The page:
How Not To Climb A Mountain In Africa

How Not To Climb A Mountain In Africa

I’ve so enjoyed reading about Lynne’s successful mountaineering exploits in recent editions of ‘What’s On’ that I’ve decided to (figuratively) put pen to paper to tell you about a spectacular failure.

I have to take you, dear reader, back to East Africa where Lynne had her successes on Mounts Kenya and Kilimanjaro before she went further afield to the Himalayas.

The failed adventure in which I was initially a willing participant was to scale Mount Meru, a more modest 4,562 meters high lump of a collapsed former volcano which is located in northern Tanzania, a distance of some 70 kilometres from the aforesaid Kilimanjaro which peaks at some 5,895 metres.


At this point some background context would be useful. The year is 1964 and the country, then called Tanganyika, had gained independence from the British a year or so previously. I was with a group of some 40 young people. A week or so previously we had arrived at an agricultural training school in the town of Arusha, to spend three weeks on an intensive Kiswahili language learning course prior to being dispersed across the new nation as volunteers engaged in diverse development related activities.

Mount Meru, some 20 miles distant, loomed large behind the school. Of course we were all young and enthusiastic and all equally determined to pack as much of Africa as possible into our time there.

The plan was apparently simple, and we were advised by our teacher it would be as follows: be driven to the foot of the mountain on a Saturday morning, walk up towards the summit all day following a track through the lush tropical forest, find a hut to stay the night and on the Sunday morning strike off to the summit on the now gravelly / rocky path.

So, on that fateful Saturday morning we all set off aboard the school’s ex-army canvas sided flat bed lorry with a lot more enthusiasm than we had suitable equipment or preparation.

The first bit of the ascent was easy as we ambled through the coffee plantations on the lower slopes as we exchanged our newly learned greetings of “Jambos” and “Habari ganis” and “Habari za kazi” with the farmers tending their coffee vines on their “shambas”. Leaving the farms, the ascent started to get steeper and the surrounding vegetation somewhat denser, but we were following a sort of path and the spirits were high.

Then we found to our dismay that we were no longer following a path. But what could go wrong? As long as we kept ascending we would be going in the right direction! Remember, the forest was fairly dense and we didn’t really have a clue as to the direction we should be going. Apart from “up”. But as we progressed “up”, we would be met by a steep “down” into one of the many ravines that radiated out from the peak. And so on and on until both darkness and exhaustion overtook us without the possibility of reaching either the elusive hut or indeed any other semblance of shelter.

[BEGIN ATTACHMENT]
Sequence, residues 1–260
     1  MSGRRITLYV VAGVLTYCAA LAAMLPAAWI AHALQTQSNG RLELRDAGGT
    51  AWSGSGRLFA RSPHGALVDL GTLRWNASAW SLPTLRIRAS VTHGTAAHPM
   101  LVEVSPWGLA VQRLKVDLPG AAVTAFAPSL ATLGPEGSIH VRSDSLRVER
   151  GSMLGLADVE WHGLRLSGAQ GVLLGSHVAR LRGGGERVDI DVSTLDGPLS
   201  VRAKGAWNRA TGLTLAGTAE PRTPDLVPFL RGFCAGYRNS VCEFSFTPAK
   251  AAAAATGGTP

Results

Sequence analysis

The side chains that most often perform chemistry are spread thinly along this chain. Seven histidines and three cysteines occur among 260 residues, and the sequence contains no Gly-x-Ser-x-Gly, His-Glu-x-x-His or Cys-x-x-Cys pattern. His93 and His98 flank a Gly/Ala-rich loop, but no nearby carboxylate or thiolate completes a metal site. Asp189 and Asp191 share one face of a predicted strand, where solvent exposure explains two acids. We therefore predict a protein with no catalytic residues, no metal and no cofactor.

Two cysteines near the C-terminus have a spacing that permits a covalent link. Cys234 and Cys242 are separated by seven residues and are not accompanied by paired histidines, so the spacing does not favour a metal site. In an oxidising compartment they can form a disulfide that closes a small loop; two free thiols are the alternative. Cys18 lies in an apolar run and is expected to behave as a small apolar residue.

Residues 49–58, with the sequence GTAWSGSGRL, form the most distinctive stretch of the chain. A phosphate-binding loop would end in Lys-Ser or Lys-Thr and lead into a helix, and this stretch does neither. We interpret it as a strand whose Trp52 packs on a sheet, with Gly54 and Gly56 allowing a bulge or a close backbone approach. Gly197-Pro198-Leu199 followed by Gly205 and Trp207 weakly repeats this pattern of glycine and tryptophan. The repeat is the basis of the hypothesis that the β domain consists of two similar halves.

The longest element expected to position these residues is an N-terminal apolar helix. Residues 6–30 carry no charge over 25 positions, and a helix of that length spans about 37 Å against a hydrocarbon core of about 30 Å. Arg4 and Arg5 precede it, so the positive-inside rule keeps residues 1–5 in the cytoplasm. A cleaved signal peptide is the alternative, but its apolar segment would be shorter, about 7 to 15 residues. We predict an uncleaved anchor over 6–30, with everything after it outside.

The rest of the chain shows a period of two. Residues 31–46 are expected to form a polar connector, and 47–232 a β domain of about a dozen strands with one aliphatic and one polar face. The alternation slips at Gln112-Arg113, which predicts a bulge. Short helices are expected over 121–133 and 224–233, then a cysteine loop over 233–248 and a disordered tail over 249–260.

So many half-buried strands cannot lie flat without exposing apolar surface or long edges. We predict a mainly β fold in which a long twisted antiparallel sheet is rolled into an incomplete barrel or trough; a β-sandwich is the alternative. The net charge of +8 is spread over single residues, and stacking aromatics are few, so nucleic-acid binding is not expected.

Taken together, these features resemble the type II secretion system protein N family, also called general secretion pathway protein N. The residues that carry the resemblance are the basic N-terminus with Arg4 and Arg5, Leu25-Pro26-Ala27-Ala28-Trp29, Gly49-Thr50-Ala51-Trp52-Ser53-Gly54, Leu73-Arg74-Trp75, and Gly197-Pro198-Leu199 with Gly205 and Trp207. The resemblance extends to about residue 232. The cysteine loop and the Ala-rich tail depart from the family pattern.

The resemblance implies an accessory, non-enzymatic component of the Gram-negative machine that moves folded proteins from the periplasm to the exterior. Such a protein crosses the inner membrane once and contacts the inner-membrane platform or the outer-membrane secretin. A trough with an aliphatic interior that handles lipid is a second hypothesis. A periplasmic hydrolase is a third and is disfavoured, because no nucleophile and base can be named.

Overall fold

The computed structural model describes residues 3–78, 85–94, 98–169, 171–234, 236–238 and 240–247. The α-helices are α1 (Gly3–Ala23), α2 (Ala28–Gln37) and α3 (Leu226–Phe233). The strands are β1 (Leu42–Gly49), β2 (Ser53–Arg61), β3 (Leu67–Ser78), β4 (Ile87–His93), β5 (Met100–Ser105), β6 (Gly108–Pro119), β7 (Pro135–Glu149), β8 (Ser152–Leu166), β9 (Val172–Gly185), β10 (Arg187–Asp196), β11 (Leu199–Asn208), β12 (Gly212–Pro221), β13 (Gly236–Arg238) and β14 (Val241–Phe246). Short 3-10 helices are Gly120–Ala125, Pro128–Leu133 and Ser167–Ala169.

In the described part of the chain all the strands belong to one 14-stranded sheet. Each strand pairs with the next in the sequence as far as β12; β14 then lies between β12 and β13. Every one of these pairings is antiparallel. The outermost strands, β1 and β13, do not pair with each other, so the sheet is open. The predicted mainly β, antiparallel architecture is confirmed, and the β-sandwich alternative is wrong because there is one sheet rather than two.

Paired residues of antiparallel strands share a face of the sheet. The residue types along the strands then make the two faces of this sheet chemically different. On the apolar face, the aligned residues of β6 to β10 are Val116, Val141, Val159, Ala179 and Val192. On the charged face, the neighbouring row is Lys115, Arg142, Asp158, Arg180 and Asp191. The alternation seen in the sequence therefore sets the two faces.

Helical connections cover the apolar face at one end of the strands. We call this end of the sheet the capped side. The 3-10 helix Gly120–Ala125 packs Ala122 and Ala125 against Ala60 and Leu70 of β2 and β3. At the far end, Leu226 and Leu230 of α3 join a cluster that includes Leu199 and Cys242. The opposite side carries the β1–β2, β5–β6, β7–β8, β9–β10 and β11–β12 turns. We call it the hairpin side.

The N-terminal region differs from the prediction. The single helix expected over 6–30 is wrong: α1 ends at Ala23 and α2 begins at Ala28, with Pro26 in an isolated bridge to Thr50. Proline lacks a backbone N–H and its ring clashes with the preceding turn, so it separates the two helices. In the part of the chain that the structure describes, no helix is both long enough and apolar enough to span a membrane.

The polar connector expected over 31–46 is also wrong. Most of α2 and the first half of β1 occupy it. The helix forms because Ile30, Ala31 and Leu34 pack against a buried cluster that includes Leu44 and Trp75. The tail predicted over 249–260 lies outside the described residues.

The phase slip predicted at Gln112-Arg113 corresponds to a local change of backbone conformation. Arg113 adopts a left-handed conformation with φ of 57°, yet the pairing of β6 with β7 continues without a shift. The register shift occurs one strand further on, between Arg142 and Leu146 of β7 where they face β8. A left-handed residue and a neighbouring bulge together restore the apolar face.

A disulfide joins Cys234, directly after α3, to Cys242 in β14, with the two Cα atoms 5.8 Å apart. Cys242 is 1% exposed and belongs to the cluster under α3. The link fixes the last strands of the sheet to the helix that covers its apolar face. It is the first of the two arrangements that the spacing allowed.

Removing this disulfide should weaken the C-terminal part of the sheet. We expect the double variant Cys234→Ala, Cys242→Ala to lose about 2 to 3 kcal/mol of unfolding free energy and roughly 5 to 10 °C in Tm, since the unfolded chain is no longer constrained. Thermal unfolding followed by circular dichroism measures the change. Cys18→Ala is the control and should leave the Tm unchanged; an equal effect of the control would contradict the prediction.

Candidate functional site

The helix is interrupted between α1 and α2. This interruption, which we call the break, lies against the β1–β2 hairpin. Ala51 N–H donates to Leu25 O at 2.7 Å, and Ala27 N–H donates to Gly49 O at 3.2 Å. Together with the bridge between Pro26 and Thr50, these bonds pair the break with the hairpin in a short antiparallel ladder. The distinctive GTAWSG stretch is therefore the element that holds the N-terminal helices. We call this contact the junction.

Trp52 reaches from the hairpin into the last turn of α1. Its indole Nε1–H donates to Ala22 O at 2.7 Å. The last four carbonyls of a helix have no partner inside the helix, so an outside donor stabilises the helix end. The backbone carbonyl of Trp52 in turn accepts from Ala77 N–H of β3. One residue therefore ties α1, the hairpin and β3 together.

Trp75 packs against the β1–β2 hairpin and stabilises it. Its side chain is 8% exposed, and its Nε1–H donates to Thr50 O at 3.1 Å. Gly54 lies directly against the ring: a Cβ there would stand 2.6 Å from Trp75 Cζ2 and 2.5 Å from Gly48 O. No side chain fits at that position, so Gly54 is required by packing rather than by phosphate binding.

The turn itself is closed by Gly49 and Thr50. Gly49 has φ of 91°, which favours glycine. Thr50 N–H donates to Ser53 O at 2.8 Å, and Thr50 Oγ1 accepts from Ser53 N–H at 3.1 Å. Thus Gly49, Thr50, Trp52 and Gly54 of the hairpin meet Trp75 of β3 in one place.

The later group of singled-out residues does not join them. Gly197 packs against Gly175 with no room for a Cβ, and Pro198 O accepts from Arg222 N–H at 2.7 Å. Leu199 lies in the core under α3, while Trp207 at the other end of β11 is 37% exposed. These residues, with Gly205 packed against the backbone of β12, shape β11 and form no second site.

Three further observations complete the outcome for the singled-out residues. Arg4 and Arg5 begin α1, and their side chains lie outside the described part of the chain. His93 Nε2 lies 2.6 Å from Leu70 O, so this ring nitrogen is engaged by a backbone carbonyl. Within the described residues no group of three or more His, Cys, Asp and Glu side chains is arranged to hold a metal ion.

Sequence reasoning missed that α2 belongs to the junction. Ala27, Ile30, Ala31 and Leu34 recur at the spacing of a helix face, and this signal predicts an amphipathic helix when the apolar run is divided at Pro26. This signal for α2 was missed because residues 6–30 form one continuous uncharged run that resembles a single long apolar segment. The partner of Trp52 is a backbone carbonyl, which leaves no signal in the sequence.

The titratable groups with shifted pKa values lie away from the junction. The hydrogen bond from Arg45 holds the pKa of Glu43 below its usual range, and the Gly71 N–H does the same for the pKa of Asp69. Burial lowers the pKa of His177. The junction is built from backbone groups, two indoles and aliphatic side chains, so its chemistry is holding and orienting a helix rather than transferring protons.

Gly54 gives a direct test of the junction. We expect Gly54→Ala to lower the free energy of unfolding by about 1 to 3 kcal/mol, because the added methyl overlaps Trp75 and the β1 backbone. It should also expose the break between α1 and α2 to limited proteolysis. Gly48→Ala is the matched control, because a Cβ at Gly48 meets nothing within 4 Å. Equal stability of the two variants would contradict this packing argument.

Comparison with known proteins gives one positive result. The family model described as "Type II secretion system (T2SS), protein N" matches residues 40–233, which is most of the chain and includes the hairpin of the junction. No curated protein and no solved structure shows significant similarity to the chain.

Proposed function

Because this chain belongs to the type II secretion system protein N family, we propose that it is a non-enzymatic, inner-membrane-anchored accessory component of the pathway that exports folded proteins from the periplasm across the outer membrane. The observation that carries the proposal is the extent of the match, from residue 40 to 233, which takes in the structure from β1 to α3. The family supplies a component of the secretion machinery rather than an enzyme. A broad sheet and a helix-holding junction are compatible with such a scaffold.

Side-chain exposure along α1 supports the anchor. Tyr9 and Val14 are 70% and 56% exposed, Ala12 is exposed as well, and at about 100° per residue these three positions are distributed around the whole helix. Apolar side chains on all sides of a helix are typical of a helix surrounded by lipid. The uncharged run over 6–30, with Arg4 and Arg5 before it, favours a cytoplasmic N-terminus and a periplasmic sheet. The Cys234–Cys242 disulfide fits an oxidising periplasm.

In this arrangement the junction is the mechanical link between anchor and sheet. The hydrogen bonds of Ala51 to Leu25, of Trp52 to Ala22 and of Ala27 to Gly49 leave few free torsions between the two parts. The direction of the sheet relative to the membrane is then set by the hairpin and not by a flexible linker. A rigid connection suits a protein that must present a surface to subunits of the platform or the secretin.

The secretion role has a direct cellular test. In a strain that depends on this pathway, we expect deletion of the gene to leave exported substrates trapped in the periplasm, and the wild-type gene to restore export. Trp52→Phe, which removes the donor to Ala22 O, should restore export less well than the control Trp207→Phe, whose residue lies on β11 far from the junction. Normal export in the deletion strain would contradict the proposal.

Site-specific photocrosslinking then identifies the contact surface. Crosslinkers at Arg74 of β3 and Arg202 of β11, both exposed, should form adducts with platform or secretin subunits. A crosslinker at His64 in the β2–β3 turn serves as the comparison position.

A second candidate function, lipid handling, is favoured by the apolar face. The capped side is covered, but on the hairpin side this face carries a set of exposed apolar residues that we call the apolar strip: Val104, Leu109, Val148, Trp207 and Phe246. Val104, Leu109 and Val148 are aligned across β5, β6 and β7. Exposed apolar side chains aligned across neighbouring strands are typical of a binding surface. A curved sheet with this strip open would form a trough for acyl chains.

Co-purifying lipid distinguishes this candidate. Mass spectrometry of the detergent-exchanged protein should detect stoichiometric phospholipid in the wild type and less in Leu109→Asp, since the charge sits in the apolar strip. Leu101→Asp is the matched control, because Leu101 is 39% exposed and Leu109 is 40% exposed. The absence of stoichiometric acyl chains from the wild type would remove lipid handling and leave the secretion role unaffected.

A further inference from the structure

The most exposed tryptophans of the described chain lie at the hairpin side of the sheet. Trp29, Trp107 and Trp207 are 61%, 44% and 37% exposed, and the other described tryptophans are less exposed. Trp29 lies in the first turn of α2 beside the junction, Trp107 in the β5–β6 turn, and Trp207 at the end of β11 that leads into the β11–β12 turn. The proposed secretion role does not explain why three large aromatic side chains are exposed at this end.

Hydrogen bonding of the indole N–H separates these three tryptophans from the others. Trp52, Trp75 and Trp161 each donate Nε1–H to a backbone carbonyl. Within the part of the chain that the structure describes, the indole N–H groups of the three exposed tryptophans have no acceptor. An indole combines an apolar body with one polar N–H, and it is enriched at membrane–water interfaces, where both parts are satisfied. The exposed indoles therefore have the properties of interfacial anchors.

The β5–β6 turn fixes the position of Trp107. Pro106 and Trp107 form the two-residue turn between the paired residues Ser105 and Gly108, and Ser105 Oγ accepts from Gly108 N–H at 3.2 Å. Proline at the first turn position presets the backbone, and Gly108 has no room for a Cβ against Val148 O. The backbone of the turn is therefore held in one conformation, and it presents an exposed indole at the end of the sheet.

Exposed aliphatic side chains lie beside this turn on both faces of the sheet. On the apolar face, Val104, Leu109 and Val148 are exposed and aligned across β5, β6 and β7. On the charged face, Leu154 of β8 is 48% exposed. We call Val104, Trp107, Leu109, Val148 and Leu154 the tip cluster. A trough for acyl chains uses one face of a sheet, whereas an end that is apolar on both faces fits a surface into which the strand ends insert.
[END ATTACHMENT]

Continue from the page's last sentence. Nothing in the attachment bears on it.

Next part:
So, somewhat dejected, we decided to do the best we could to spend the night in the forest, lulled into a fitful sleep by serenading sounds of Africa all around us, only to be sharply awakened by various scary and unidentified animal noises.

We survived the night and next morning we started to retrace our steps back towards civilisation, up and down again across the steep ravines. Eventually we emerged from the forest into the coffee growing “shambas” to be greeted by the farmers with a cheery “Habari za safiri?” (How is the journey?). East African polite convention dictates that a negative answer is not given to such a request for news and the correct response is always “Nzuri sana” (Very good indeed). Whereas, under our breaths, we were actually saying “Mbaya kabisa” (As bad as it can get)!

So, late that Sunday evening we returned to the school, footsore, tired, starving, but happy in the knowledge that in our first week in Africa we had not only been lost in the forest, but we had been able to practice some of our newly acquired Kiswahili in real life situations!

As an end piece I would add that a year or so later I did climb to Gilman’s Point on Kilimanjaro as part of a properly resourced “expedition”. On reaching that summit I had never been as cold and tired as I was that day, nor in my subsequent 55 years. In those days before the onset of climate change there was certainly a lot more snow and ice on the summit than is present today.

A further footnote. In preparing for this piece, I did a bit of googling and found the following:

Mount Meru is a serious three to four-day trek and although it is often used as a practice run by those hoping to summit Kilimanjaro, the smaller mountain is actually the more technical. A guide is mandatory on every trek and there is only one official route up to the summit. The route is well marked with huts along the way offering simple, comfortable beds. Unofficial routes on the west and northern sides of the mountain are illegal. Acclimatization is important, and while you won’t need oxygen, spending at least a few days at altitude before attempting the climb is highly recommended.

Well, in the light of this, we never stood a chance did we?

“Time Traveller”



Bring Back Tommy Cooper